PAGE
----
The 109th recipient of the Nobel prize in literature was announced on 11 October. His name is Mo Yan, aged 57 at the time of the announcement, and he is the first Chinese citizen to receive the award. Mo Yan, ‘who with hallucinatory realism merges folk tales, history and the contemporary’, is often referred to as the Chinese response to Kafka and Joseph Heller.
Mo Yan’s work deals mainly with social issues, trauma, and sexuality. His signature techniques are social realism and magical realism, profoundly influenced by the Colombian novelist Gabriel García Márquez, who was the 1982 literature Nobel laureate. His work is also deeply connected to Chinese myths and folklore tales. He prefers to write his novels on traditional Chinese paper using only ink and a writing brush, because he believes that typing limits the vocabulary. Mo Yan is actually a pen name, meaning ‘don’t speak’ in Chinese, which reflects the political situation in China during the 1950s, when people were afraid to speak their mind in the open, because of an acute danger of political persecution.
Guan Moye (Yan’s real name), was born in 1955 to a family of farmers. He left school at the age of 12, during the Cultural Revolution, to go work in the fields and join the army, where he completed his education. His literary success came in 1987 with the novel Red Sorghum, later on turned into a successful movie by Zhang Yimou. The book is a retelling of the shockingly cruel events following Japan’s invasion of China in the 1930s. His second novel, The Garlic Ballads, tells the true story of the Gaomi farmers’ riot against the government, which at the time refused to buy their produce. Yan’s third book, The Republic of Wine, is a satire employing cannibalism as a metaphor for Chinese self-destruction. Big Breasts and Wide Hips is another of Yan’s novels. It explores the female body and the attitudes towards it, using different models, such as an elderly woman whose breasts are shattered by Japanese bullets. The book caused some controversy in China, because of its portrayal of Chinese soldiers as merciless murderers. His most recent work, Life and Death Are Wearing Me Out, was written in only 42 days. It could be classified as historical fiction, because it looks into Chinese development in the second half of the twentieth century, through the themes of reincarnation, mortality, progress and decay.
So what are the implications of this award? On the bright side, it will hopefully open the Western market for Chinese literature. Mo Yan himself advocates reading Western literature and believes that Chinese writers will only benefit from widened literary horizons, so perhaps, influenced by him, more Chinese readers will try and get themselves acquainted with Western literature cannon and contemporary fiction, thus establishing a two-way cultural exchange.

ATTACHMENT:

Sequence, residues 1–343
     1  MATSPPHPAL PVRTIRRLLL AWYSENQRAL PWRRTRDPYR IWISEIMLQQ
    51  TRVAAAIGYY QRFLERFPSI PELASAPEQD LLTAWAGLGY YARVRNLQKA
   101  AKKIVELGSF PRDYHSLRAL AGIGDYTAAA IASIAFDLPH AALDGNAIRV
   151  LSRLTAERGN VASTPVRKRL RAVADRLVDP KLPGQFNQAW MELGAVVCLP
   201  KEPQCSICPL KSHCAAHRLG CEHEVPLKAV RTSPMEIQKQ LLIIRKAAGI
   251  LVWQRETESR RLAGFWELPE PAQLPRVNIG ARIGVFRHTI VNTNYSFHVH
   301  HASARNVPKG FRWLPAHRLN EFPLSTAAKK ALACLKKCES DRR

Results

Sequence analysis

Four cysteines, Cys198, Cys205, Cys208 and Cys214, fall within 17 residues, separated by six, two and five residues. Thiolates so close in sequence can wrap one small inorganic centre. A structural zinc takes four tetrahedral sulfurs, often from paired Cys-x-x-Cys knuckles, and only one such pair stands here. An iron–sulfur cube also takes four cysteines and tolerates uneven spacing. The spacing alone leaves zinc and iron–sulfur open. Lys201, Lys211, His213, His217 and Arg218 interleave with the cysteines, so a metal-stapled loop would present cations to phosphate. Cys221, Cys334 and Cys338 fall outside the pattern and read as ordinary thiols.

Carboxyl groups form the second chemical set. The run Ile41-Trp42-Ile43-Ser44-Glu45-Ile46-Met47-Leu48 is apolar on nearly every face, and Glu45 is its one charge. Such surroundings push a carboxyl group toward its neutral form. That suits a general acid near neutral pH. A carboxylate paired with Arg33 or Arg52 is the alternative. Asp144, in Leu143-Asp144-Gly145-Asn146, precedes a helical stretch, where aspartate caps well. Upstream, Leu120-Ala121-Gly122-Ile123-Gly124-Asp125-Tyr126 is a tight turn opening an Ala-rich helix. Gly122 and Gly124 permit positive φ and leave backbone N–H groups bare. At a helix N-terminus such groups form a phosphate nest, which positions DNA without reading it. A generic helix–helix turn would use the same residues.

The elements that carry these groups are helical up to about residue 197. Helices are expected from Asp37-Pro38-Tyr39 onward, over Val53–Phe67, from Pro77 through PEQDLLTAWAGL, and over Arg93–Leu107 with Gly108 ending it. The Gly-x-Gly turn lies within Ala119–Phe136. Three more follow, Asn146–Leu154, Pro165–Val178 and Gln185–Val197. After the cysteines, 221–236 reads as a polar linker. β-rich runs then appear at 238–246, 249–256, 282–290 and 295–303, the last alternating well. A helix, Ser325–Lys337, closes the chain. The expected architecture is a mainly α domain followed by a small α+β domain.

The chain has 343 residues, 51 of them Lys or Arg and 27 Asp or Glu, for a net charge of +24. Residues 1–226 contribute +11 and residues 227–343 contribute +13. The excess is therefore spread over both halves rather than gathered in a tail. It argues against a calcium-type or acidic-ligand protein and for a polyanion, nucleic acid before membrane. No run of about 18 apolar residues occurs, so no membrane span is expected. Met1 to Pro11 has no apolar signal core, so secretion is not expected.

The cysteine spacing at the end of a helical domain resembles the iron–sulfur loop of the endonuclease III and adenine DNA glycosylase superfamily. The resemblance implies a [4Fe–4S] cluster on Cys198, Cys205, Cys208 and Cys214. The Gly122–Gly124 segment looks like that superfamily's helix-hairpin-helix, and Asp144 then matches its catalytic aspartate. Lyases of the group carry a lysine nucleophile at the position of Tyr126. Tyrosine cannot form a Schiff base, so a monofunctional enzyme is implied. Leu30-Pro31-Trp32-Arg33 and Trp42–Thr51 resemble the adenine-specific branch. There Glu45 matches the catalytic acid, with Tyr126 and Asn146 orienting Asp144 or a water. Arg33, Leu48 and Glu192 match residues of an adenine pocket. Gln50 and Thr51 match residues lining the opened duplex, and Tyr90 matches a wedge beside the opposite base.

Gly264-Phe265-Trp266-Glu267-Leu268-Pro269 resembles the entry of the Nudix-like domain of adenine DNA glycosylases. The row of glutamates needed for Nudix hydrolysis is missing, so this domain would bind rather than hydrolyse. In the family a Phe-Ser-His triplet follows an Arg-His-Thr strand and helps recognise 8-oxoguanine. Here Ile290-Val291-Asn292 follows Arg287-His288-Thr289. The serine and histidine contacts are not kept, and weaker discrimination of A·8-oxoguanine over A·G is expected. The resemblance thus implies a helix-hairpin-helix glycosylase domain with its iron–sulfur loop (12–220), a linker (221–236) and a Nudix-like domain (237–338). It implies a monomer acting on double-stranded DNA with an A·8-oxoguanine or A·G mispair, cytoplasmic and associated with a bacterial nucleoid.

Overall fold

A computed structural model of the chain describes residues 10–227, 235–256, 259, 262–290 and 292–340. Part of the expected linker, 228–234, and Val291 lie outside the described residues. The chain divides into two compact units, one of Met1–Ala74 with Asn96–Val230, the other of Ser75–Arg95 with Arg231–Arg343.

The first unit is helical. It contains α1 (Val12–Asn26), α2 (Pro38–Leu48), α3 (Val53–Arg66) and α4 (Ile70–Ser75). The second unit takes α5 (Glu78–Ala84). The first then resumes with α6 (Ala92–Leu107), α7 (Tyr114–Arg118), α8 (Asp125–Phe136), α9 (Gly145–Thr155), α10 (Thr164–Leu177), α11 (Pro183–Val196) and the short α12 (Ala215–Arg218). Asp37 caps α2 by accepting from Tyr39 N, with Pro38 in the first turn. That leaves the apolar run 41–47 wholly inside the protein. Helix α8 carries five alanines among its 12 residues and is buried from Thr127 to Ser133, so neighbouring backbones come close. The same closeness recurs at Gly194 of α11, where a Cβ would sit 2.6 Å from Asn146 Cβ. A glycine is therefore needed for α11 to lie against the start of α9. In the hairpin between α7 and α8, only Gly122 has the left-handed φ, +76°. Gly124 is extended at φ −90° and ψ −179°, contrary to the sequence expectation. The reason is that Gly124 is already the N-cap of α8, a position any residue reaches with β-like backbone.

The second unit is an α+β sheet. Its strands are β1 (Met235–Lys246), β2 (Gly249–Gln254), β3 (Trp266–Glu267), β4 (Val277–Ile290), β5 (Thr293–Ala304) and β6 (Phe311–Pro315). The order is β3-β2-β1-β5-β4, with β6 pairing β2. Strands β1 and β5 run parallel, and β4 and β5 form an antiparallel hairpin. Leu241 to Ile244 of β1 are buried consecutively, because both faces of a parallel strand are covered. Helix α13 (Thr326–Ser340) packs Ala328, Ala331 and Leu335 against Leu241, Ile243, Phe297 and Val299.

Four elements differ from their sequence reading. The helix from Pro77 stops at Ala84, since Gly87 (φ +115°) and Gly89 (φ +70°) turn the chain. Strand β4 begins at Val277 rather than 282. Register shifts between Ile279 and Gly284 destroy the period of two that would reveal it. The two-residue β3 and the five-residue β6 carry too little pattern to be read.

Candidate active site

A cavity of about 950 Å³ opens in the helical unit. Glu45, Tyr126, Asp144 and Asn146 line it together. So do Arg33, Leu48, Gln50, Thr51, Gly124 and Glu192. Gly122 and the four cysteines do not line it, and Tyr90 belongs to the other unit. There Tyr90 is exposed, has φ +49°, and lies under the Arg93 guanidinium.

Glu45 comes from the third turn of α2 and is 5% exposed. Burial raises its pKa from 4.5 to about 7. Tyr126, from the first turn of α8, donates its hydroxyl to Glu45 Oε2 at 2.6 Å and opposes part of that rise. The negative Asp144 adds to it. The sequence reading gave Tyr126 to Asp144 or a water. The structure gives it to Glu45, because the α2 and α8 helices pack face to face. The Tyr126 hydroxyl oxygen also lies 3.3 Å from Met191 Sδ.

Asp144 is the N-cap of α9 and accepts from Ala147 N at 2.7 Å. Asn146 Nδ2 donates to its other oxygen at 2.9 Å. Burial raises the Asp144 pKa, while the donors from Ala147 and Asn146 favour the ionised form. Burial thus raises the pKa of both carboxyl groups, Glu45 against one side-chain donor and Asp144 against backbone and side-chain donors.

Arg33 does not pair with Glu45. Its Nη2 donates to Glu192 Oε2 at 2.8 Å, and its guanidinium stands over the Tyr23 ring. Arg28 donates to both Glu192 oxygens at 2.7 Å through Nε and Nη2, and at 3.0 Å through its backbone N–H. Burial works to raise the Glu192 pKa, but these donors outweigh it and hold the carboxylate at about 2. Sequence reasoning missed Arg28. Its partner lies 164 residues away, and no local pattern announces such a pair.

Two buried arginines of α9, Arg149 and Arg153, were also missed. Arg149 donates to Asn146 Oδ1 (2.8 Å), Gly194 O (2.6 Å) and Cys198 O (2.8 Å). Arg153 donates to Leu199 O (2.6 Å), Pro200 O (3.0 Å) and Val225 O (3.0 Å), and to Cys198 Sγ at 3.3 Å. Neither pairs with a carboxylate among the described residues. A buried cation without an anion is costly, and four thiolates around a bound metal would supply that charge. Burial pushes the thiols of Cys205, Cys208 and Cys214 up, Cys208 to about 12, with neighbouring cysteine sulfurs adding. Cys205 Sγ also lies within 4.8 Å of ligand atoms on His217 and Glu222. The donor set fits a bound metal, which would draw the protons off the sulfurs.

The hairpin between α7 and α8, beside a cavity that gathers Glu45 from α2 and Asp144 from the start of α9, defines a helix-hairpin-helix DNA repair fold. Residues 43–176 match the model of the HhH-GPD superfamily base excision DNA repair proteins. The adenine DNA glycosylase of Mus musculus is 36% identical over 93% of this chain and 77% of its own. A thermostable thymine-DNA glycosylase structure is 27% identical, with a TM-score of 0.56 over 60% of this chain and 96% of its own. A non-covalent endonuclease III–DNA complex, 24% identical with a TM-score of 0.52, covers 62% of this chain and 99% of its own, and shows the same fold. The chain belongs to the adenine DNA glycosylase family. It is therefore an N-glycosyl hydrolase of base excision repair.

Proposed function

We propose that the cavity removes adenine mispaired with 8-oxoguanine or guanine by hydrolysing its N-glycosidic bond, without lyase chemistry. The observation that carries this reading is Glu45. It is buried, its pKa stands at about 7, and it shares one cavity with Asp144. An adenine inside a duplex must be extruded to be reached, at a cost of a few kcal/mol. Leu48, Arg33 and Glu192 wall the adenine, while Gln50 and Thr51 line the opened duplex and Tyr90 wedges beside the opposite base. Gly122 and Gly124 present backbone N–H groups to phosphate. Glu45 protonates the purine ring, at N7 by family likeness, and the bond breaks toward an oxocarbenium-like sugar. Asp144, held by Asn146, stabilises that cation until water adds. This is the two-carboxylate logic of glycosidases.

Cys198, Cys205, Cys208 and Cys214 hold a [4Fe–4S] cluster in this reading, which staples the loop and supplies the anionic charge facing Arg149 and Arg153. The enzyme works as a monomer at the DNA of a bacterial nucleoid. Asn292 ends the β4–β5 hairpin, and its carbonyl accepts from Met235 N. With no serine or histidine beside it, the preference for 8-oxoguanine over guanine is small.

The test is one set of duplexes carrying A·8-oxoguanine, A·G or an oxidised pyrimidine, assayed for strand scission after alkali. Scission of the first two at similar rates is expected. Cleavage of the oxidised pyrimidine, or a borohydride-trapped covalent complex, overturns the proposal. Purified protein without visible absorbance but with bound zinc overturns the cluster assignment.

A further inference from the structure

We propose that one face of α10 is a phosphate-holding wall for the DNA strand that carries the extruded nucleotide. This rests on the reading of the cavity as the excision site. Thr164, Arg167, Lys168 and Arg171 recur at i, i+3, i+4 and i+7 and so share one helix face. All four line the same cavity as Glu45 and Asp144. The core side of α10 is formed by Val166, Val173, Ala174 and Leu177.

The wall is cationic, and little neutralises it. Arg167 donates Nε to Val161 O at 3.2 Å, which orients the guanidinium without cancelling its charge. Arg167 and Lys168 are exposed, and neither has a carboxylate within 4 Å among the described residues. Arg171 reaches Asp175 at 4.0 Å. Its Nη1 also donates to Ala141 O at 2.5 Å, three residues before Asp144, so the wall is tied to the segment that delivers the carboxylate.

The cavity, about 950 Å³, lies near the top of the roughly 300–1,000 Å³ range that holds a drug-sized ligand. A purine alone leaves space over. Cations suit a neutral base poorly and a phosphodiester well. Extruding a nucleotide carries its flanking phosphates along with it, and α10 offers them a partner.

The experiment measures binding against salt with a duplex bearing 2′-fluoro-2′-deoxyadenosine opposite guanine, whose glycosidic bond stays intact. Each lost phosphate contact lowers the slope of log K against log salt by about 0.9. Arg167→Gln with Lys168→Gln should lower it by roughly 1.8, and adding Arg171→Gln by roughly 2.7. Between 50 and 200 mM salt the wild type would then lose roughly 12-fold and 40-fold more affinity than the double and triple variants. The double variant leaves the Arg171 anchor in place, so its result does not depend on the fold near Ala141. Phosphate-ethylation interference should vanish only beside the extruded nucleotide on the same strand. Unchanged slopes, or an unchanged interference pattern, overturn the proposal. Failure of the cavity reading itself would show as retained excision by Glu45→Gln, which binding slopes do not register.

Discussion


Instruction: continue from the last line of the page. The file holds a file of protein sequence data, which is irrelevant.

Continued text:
As usual, when an award that produces such hype is concerned, there is always some sort of controversy around it. And in this particular case it is not hard to guess that the controversy is of political nature. Mo Yan has been accused that he is not political enough and is too close to the ruling party and the authorities. As to whether or not this is the case, his award poses some interesting questions. Is the Nobel prize committee trying to make a political statement by giving the prize to a Chinese author? Or is it just trying to open the Western market to Chinese literature? What does the Western world really know about the social and political situation in China? What is the role of literature in all this? As if to refute the charges, Mo Yan spoke in defence of Liu Xiaobo, only a few hours after his win was announced to the world. “I hope he [Liu] can achieve his freedom as soon as possible.”, he said, as reported in the Guardian. Liu, a writer, literary critic and human rights activist, campaigned for political reforms and called for the end of the communist rule in China, which resulted in a sentence of 11 years in prison. Mo Yan also claims that whoever accuses him of political allegiance with the authorities has not read his books.
According to the Swedish Academy head Peter Englund, “He [Mo Yan] has such a damn unique way of writing. If you read half a page of Mo Yan you immediately recognise it as him”. And indeed, MoYan’s work is so sadly beautiful that it hurts and leaves a mark in the reader’s soul.
Literature is a medium of representation of reality; a medium through which we reach worlds otherwise inaccessible for us. Some might even say it is a form of escapism. There is no right or wrong answer here. As there is not a right or wrong answer concerning Mo Yan’s fiction. His political convictions, whatever they might be, could or could not change your attitude toward his books, depending on how you approach them. So, let us allow ourselves to enjoy Mo Yang’s work for what it is, before we start over-analysing and scrutinising it, determined to find a drawer in our society where it fits so we can label it, compartmentalise it, and never think about it again.
Words by Ava Dikova
Follow Ava on Twitter at @AvaDikova